Invasive ants are amongst the most destructive species across the world. They can strongly alter ecosystems and are responsible for the loss of native ant species, but they can also lead to substantial economic costs. An international study led by the Spanish National Research Council estimated the total annual costs which total, at least, 46.000 million euros since 1930 and have mainly impacted the agriculture and public health sectors. The researchers compiled these data from the InvaCost database, the first compilation of economic costs associated with biological invasions worldwide. The research work, published in the journal Biological Invasions, was carried out in collaboration with researchers from Australia, France, Morocco, Italy, the Czech Republic, India, Kuwait, and Japan.
"As invaders, ants can be extremely dangerous for the public health and livestock. Furthermore, their biological and ecological characteristic, super-colonial structure, high reproducibility, and strong ability to monopolize environmental resources make them especially harmful for crops too", explains Elena Angulo, s researcher at the Doñana Biological Station – CSIC and leader of the study. "Moreover, their small size makes them difficult to detect, which favors their easy transport by humans and their spread out of their native habitats".
Ant invasions can seriously alter ecosystems by modifying trophic web dynamics, altering nutrient cycling, or decreasing pollination. Additionally, they also affect human assets: they have an impact on agricultural production, damage infrastructures, or risk public health. For instance, the little fire ant, Wasmannia auropunctata, has a painful sting and tends to sap-sucking insects, resulting in plantations being completely abandoned. The Singapore ant, Trichomyrmex destructor, is also known as the destructive trailing ant for its capacity to induce substantial economic losses, particularly due to damages to electrical equipment when they chew through wires.
Twelve invasive ant species studied
The researchers, with the information collected in Invacost, have focused on analyzing the data related to 12 of the 19 ant species identified as invasive by the IUCN (the International Union for Conservation of Nature). From the 46,000 million euros of estimated costs, 9,400 million were associated with management or damage loss. The rest of the costs were classified as "potential" since they were predicted to occur beyond the original spatial observation range (for instance, predicted costs in invaded areas where there is no data) and temporal (for instance, to predict future costs). A large part of costs is associated with two species due to their stings: Solenopsis invicta (the red imported fire ant) and Wasmannia auropunctata (the little red fire). These costs were concentrated in two countries, Australia and the United States.
The team has also highlighted how the costs of invasion management are much lower than those associated with damage loss. Besides, most of these costs were primarily post-invasion management, with much lower amounts dedicated to prevention measures, such as early detection.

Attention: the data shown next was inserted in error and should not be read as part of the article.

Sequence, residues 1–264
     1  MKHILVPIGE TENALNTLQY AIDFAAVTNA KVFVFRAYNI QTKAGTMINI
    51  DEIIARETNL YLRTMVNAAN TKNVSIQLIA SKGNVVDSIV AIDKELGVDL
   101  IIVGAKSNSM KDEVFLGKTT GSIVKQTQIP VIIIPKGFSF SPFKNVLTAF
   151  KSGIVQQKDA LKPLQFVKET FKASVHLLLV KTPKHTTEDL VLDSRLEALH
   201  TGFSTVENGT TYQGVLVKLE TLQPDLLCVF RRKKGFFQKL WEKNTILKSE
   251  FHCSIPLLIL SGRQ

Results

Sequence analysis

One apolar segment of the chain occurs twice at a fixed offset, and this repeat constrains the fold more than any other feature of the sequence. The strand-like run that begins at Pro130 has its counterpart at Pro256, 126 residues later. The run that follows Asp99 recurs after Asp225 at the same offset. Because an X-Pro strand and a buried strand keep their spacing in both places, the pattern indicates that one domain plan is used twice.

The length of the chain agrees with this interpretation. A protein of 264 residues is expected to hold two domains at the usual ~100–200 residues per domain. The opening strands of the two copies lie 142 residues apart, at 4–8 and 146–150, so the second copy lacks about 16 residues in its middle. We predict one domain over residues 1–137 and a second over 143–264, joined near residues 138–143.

Until now, reports on economic costs have been mainly restricted to evaluating the costs to control invasions, except for the cost associated with some invasive ant species with big impacts, such as the red fire ant. The researchers wanted to estimate the total economic impact, "which could increase the visibility of this problem and, in turn, raise awareness among managers and practitioners of its seriousness, in particular, of the current threat they represent towards biodiversity", says Angulo.
For example, the few data on the costs of invasive ants in Spain are based on research costs on the ants invading the Canary Island and control costs on private properties of the garden ant, Lasius niger. However, Elena Angulo says that "there are many more research costs that have not been accounted for because the administrations do not report them and thereis also much more damage to private properties". The team has also not been able to access the costs at customs, where shipments are checked to detect and eliminate the entry of invaders. Ants that cause damage to public health, such as fire ants, have not yet spread across Spain.
This study suggests that the global costs of invasive ants are huge but largely biased in favor of countries leading biological invasions, with a large proportion of unreported and underestimated costs in many other countries", adds researcher Elena Angulo. "A better collaboration between managers, practitioners and researchers is crucial for knowing the actual impact of these invasions and improving management actions of invasive ants".
Elena Angulo, Benjamin D. Hoffmann, Liliana Ballesteros-Mejia, Ahmed Taheri, Paride Balzani, Alok Bang, David Renault, Marion Cordonnier, Céline Bellard, Christophe Diagne, Danish A. Ahmed, Yuya Watari & Franck Courchamp. Economic costs of invasive alien ants worldwide. Biological Invasions. DOI: 10.1007/s10530-022-02791-w